2013 was a really great year for music with many fine releases by artists old and new. Here is a look at some of my favorite music-related movies, surround sound discs, HD downloads, vinyl LPs and archival releases from throughout the year. I have to acknowledge some notable omissions since I haven’t heard them yet, including the 5.1 surround versions of Van Morrison’s Moondance and The Band Live at Academy of Music 1971, plus new releases from Arcade Fire and Pearl Jam. There is so much out there, but this a good place to start catching up on some things you may have missed.
Grateful Dead — Sunshine Daydream (Blu-ray, LP and CD) With awesome archival support, mixing and remastering via Plangent Processes and David Glasser (Blu-ray) and Jeffrey Norman (CD, 5.1 mix), this legendary never before officially released lost film and soundtrack was restored beyond almost every Dead Head’s wildest imagination. The Dolby TrueHD audio on the Blu-ray Disc is clear, full-bodied and tight. The 5.1 surround mix delivers a good basic live concert mix (mostly from a live stage perspective). And the CDs containing the entire concert are wonderful. Essential for Dead Heads and anyone interested in seeing what the ’60s vibe was all about, this is a great place to start, even if it did take place in 1972.
Sound City (Blu-ray and LP)
If you like movies about rock and roll and want an important lesson in both the history and process of making hit recordings, Dave Grohl’s Sound City is essential viewing. If you just want to play some new rock ‘n’ roll turned up real loud like you (or your Dad!) used to do back in the day – you know, the stereo cranked up to 11 and all that – well then, the companion soundtrack LP, subtitled “Real to Real,” is just what the doctor ordered. Pressed on high quality, thick, audiophile-worthy vinyl!
While Godfrey Reggio’s groundbreaking trio of films – Koyaanisqatsi, Powaqatsi and Nogoyqatsi – remain stunning and look better than ever, now you can also hear Philip Glass’ stellar soundtracks to them in 5.1 surround from Criterion on Blu-ray disc. While I would have liked to have heard a bit more discrete multi-channel activity, I do understand that the focus must remain on the films which frankly are already intense enough as they are. That said, these discs look and sound great. Side note: I realize this set came out in mid-December 2012, but in my book, that makes it essentially a 2013 release.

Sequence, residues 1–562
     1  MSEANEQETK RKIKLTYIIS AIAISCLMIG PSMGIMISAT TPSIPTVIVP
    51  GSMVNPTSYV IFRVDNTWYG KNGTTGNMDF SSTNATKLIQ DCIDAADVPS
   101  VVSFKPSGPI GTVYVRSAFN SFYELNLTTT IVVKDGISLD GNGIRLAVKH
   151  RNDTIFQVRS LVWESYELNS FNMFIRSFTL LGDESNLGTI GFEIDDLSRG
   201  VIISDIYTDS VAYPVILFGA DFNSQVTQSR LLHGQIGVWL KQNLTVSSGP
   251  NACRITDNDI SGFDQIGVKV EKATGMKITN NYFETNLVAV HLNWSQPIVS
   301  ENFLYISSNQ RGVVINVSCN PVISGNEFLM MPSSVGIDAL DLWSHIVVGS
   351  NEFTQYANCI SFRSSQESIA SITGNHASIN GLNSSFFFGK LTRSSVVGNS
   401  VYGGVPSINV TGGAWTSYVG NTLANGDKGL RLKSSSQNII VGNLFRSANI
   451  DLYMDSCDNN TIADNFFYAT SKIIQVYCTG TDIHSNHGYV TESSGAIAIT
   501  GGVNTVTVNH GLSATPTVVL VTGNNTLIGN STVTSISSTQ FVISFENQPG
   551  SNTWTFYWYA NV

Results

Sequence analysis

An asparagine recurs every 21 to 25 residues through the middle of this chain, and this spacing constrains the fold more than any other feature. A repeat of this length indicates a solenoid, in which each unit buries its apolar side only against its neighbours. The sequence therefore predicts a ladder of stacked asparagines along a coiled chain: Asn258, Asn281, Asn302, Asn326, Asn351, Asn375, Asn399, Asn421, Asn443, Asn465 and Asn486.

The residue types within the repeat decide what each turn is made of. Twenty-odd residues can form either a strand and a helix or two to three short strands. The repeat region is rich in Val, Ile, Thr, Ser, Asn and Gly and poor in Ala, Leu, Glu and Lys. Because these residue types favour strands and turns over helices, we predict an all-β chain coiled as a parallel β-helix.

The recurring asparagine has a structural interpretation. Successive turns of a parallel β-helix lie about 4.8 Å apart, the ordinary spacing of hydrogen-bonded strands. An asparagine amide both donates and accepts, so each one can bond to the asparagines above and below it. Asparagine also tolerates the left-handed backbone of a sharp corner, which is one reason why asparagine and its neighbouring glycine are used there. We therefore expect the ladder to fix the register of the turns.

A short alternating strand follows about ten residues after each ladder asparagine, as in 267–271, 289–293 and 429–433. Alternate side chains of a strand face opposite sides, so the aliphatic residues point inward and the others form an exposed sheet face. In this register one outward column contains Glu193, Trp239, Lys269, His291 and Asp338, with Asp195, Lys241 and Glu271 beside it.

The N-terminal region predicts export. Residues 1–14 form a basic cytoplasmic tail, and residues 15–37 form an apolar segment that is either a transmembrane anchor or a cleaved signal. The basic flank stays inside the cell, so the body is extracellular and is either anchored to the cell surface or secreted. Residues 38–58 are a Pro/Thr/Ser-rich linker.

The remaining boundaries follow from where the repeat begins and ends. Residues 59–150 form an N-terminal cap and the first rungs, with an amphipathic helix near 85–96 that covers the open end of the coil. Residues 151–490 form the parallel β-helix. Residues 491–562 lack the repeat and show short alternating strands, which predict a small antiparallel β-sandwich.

Frank Zappa’s A Token of His Extreme (DVD)
() The legendary 1974 Zappa TV special finally sees the light of day, showcasing peak Roxy-era band performances in a mix made by Zappa himself back in the day. This is a DVD-only release, but I suspect that was due to the fact that the program was taped on video, which means it has limited video resolution and thus is serviced adequately by the standard DVD. format
Surround Sound Audio-Only Releases
XTC’s Nonsuch (Blu-ray, DVD-Audio, CD)
Steven Wilson’s new 5.1 surround mix is tastefully immersive, making sure the music doesn’t loose its rock tightness, yet taking advantage of the surrounds wherever it makes sense. This reissue arguably reinvents the album for your reconsideration as one of the great lost pop masterpieces of the early 1990s.
Yes’ Close to the Edge (Blu-ray, DVD-Audio, CD)
() You read that correctly. Yes’ masterwork has been remixed into 5.1 Surround (again, by Steven Wilson). The new mix is intense, immersive, intriguing and retains the integrity of the original album’s sound. The band and artist Roger Dean oversaw this reissue personally and it shows, as they got all the packaging details near perfect this time around.
Primus’ Sailing the Seas of Cheese (Blu-ray, CD)
Les Claypool finds the sweet spot, transforming his band’s early ’90s breakthrough alternative hit into an immersive listen that even the most dubious prog-rock cynic will want to check out.
Jethro Tull’s Thick as a Brick (DVD, CD)
The 1972 prog rock classic in 5.1 surround? You betcha! They also put out 1970’s Benefit in 5.1 this year. Kudos again to surround engineer/producer Steven Wilson for figuring out how to do these mixes in a way that the artists and fans are excited about.
By Mark Smotroff, HomeTheaterReview